10. Beck L, Leroy C, Beck-Cormier S, Forand A, Salaun C, Paris N, et al. The phosphate transporter PiT1 (Slc20a1) revealed as a new essential gene for mouse liver development. PLoS One. 2010;5(2):e9148. doi: 10.1371/journal.pone.0009148 20161774.

11. Festing MH, Speer MY, Yang HY, Giachelli CM. Generation of mouse conditional and null alleles of the type III sodium-dependent phosphate cotransporter PiT-1. Genesis. 2009;47(12):858–63. Epub 2009/11/03. doi: 10.1002/dvg.20577 19882669; PubMed Central PMCID: PMC2794919.

12. Bourgine A, Pilet P, Diouani S, Sourice S, Lesoeur J, Beck-Cormier S, et al. Mice with hypomorphic expression of the sodium-phosphate cotransporter PiT1/Slc20a1 have an unexpected normal bone mineralization. PLoS One. 2013;8(6):e65979. Epub 2013/06/21. doi: 10.1371/journal.pone.0065979 [pii]. 23785462; PubMed Central PMCID: PMC3681848.

13. Suzuki A, Ammann P, Nishiwaki-Yasuda K, Sekiguchi S, Asano S, Nagao S, et al. Effects of transgenic Pit-1 overexpression on calcium phosphate and bone metabolism. J Bone Miner Metab. 2010;28(2):139–48. doi: 10.1007/s00774-009-0121-3 19795094.

14. Gordon JW, Scangos GA, Plotkin DJ, Barbosa JA, Ruddle FH. Genetic transformation of mouse embryos by microinjection of purified DNA. Proc Natl Acad Sci U S A. 1980;77(12):7380–4. Epub 1980/12/01. doi: 10.1073/pnas.77.12.7380 6261253; PubMed Central PMCID: PMC350507.

15. Pruett-Miller SM. It's CRISPR Clear: Off-Target Study Misses the Mark. CRISPR J. 2018;1:130–1. Epub 2019/04/26. doi: 10.1089/crispr.2018.29013.mil 31021203.

16. Tasic B, Hippenmeyer S, Wang C, Gamboa M, Zong H, Chen-Tsai Y, et al. Site-specific integrase-mediated transgenesis in mice via pronuclear injection. Proc Natl Acad Sci U S A. 2011;108(19):7902–7. Epub 2011/04/06. doi: 10.1073/pnas.1019507108 [pii]. 21464299; PubMed Central PMCID: PMC3093482.

17. Li Y, Caballero D, Ponsetto J, Chen A, Zhu C, Guo J, et al. Response of Npt2a knockout mice to dietary calcium and phosphorus. PLOS ONE. 2017;12(4):e0176232. doi: 10.1371/journal.pone.0176232 28448530

18. Farrell KB, Tusnady GE, Eiden MV. New structural arrangement of the extracellular regions of the phosphate transporter SLC20A1, the receptor for gibbon ape leukemia virus. J Biol Chem. 2009;284(43):29979–87. Epub 2009/09/01. doi: 10.1074/jbc.M109.022566 [pii]. 19717569; PubMed Central PMCID: PMC2785626.

19. Lu Y, Xie Y, Zhang S, Dusevich V, Bonewald LF, Feng JQ. DMP1-targeted Cre expression in odontoblasts and osteocytes. J Dent Res. 2007;86(4):320–5. Epub 2007/03/27. 86/4/320 [pii]. doi: 10.1177/154405910708600404 17384025.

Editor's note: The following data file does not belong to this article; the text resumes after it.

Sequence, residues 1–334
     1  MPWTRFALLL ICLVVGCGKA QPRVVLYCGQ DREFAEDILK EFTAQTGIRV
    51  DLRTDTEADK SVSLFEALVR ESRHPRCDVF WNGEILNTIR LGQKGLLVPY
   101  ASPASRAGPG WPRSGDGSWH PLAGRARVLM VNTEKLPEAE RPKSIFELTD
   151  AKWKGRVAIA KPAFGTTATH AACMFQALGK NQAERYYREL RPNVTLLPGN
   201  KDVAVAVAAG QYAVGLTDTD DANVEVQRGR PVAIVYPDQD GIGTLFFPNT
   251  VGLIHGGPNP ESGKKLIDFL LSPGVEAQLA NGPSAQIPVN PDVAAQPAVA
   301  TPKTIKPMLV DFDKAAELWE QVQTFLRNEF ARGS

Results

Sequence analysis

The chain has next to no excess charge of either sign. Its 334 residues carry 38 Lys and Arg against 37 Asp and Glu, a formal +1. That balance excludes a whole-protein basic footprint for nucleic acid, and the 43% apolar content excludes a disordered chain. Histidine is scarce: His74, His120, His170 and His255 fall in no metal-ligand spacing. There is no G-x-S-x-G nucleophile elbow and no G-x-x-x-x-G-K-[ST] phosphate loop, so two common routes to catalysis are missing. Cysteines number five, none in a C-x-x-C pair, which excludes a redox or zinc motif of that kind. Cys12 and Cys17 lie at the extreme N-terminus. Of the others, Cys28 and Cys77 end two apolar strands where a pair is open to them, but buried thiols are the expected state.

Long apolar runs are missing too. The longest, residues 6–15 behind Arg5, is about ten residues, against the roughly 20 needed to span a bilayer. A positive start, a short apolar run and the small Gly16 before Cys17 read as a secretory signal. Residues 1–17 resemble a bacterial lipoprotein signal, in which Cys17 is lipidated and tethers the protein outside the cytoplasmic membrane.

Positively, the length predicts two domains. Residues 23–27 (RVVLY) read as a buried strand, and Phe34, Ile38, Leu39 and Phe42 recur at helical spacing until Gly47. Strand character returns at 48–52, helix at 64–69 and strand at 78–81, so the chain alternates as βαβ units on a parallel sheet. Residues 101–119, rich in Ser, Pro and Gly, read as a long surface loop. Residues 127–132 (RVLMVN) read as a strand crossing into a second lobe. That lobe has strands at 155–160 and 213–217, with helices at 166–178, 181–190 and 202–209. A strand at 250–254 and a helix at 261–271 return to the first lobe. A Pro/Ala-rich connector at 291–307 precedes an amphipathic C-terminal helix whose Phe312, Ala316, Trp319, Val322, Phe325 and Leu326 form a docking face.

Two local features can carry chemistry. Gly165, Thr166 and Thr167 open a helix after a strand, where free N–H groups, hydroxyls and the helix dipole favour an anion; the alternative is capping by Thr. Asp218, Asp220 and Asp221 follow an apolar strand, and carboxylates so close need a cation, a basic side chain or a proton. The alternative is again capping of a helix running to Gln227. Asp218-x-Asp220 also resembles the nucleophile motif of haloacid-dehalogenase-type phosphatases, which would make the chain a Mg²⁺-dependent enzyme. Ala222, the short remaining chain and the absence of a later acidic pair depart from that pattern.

20. Bakker AD, Klein-Nulend J. Osteoblast Isolation from Murine Calvaria and Long Bones. In: Helfrich MH, Ralston SH, editors. Bone Research Protocols. Totowa, NJ: Humana Press; 2012. p. 19–29.

21. Sekiguchi S, Suzuki A, Asano S, Nishiwaki-Yasuda K, Shibata M, Nagao S, et al. Phosphate overload induces podocyte injury via type III Na-dependent phosphate transporter. Am J Physiol Renal Physiol. 2011;300(4):F848–56. Epub 2011/02/11. doi: 10.1152/ajprenal.00334.2010 [pii]. 21307129.

22. Couasnay G, Bon N, Devignes CS, Sourice S, Bianchi A, Veziers J, et al. PiT1/Slc20a1 Is Required for Endoplasmic Reticulum Homeostasis, Chondrocyte Survival, and Skeletal Development. J Bone Miner Res. 2019;34(2):387–98. Epub 2018/10/23. doi: 10.1002/jbmr.3609 30347511.

23. Beck L, Leroy C, Salaun C, Margall-Ducos G, Desdouets C, Friedlander G. Identification of a Novel Function of PiT1 Critical for Cell Proliferation and Independent of Its Phosphate Transport Activity. Journal of Biological Chemistry. 2009;284(45):e99959.

24. Fedde KN, Blair L, Silverstein J, Coburn SP, Ryan LM, Weinstein RS, et al. Alkaline phosphatase knock-out mice recapitulate the metabolic and skeletal defects of infantile hypophosphatasia. J Bone Miner Res. 1999;14(12):2015–26. Epub 2000/01/05. jbm594 [pii] doi: 10.1359/jbmr.1999.14.12.2015 10620060; PubMed Central PMCID: PMC3049802.

25. Yadav MC, Bottini M, Cory E, Bhattacharya K, Kuss P, Narisawa S, et al. Skeletal Mineralization Deficits and Impaired Biogenesis and Function of Chondrocyte-Derived Matrix Vesicles in Phospho1(-/-) and Phospho1/Pi t1 Double-Knockout Mice. J Bone Miner Res. 2016;31(6):1275–86. doi: 10.1002/jbmr.2790 26773408; PubMed Central PMCID: PMC4891278.

26. Khoshniat S, Bourgine A, Julien M, Weiss P, Guicheux J, Beck L. The emergence of phosphate as a specific signaling molecule in bone and other cell types in mammals. Cell Mol Life Sci. 2011;68(2):205–18. doi: 10.1007/s00018-010-0527-z 20848155.

27. Takashi Y, Fukumoto S. FGF23 beyond Phosphotropic Hormone. Trends Endocrinol Metab. 2018;29(11):755–67. Epub 2018/09/16. S1043-2760(18)30150-4 [pii] doi: 10.1016/j.tem.2018.08.006 30217676.

28. Michigami T, Kawai M, Yamazaki M, Ozono K. Phosphate as a Signaling Molecule and Its Sensing Mechanism. Physiol Rev. 2018;98(4):2317–48. Epub 2018/08/16. doi: 10.1152/physrev.00022.2017 30109818.


Článek vyšel v časopise

PLOS One


2019 Číslo 10